roundup(-3.15) | -4 | ||

sign(number) | Checks whether a number is greater than, equal to or less than 0. Returns the value 1, 0 and -1 respectively. In other words, it returns the sign of a number, respectively for '+', 'zero' and '-' with 1, 0, and -1. | sign(-2) | -1 |

sqrt(number) | Returns the square root of a number. | sqrt(81) | 9 |

sum(num1, num2, ...) | Returns the sum of the numbers (num1, num2, ...). | sum(7,8,9) | 24 |

### Text functions

Operator | Description | Example input | Result |
---|---|---|---|

exact(string1, string2) | Checks whether two strings (string1, string2) are exactly identical. Returns the values 'true' or 'false'. Upper/lower case is taken into account. | exact('SeaTable', 'Seatable') | false |

find(findString, sourceString, startPosition) | Returns the start position of a string (findString) within another string (sourceString). Case sensitivity is respected. Without a find, 0 is returned. If the start position (startPosition) is given as decimal, it is rounded down. If the cell in the column for the keyword (findString) is still empty, 1 is returned. If the cell in the column for the target string (sourceString) is still empty, an empty value ('') is returned. | find('Sea', 'seaTable', 1) | 0 |

The search will start from the given 'startPosition'. However, this 'startPosition' has no influence on the result: it then always returns the absolute start position. If the 'startPosition' of the string to be found (findString) was given after the actual start position of the string (sourceString), 0 is returned, because nothing was found from this position. | find('table', 'big table', 4) | 5 | |

find('table', 'big table', 6) | 0 | ||

left(string, count) | Returns the specified number (count) of characters at the beginning of a string. | left('SeaTable', 3) | Sea |

len(string) | Returns the number of characters in a string. | len('SeaTable') | 8 |

lower(string) | Converts a string into lower case letters. | lower('DeutscH') | german |

mid(string, startPosition, count) | Returns the specified number (count) of characters from the specified start position (startPosition) from a string. | mid('SeaTable is the best', 1, 8) | SeaTable |

Start position (startPosition) and number (count) must not be empty, negative or equal to zero. However, if startPosition and count are given as decimal, they are rounded down. Too much given number (count) will be ignored. | mid('SeaTable is the best.', 10.9, 27.3) | is the best. | |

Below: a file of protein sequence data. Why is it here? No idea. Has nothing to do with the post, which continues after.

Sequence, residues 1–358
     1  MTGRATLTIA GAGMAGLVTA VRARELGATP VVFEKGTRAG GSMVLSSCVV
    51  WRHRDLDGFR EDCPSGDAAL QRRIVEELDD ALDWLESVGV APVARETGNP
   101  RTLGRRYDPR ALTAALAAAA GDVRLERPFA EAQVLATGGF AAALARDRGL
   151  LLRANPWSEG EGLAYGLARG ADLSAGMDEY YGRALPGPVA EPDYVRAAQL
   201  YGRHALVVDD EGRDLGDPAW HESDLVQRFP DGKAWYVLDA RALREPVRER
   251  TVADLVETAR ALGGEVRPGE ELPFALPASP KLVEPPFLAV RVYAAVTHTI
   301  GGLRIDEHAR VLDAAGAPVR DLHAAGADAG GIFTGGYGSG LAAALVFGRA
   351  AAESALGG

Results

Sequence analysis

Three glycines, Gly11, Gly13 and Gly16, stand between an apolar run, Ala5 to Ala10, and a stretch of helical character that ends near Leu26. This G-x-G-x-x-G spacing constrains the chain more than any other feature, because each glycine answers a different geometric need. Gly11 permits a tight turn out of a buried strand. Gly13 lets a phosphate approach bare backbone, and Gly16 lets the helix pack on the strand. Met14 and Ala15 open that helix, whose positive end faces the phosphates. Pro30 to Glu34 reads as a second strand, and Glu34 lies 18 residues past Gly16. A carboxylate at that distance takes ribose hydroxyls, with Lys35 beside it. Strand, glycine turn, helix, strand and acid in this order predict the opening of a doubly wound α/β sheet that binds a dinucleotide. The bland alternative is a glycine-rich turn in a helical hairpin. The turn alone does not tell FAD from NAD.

replace(sourceString, startPosition, count, newString) | Replaces a part (count) of a string (sourceString) from a certain start position (startPosition) with another string (newString). The number (count) of characters is only taken into account for the old string (sourceString), but not for the new string (newString). | replace('SeaTable is the best.', 1, 8, 'Seafile') | Seafile is the best. |

If count is given as zero, the new string is simply added from the start position in the old string. | replace('SeaTable is the best.', 1, 0, 'Seafile') | SeafileSeaTable is the best. | |

rept(string, number) | Repeats a string as many times (number) as specified. | rept('Sea ', 3) | Sea Sea Sea |

right(string, count) | Returns the specified number (count) of characters at the end of a string. | right('SeaTable', 5) | Table |

search(findString, sourceString, startPosition) | Returns the start position of a string (findString) within another string (sourceString). Case sensitivity is not taken into account. Without a find, 0 is returned. If the start position (startPosition) is given as decimal, it is rounded down. If the cell in the column for the keyword (findString) is still empty, 1 is returned. If the cell in the column for the target string (sourceString) is still empty, an empty value ('') is returned. | search('Sea', 'seaTable', 1) | 1 |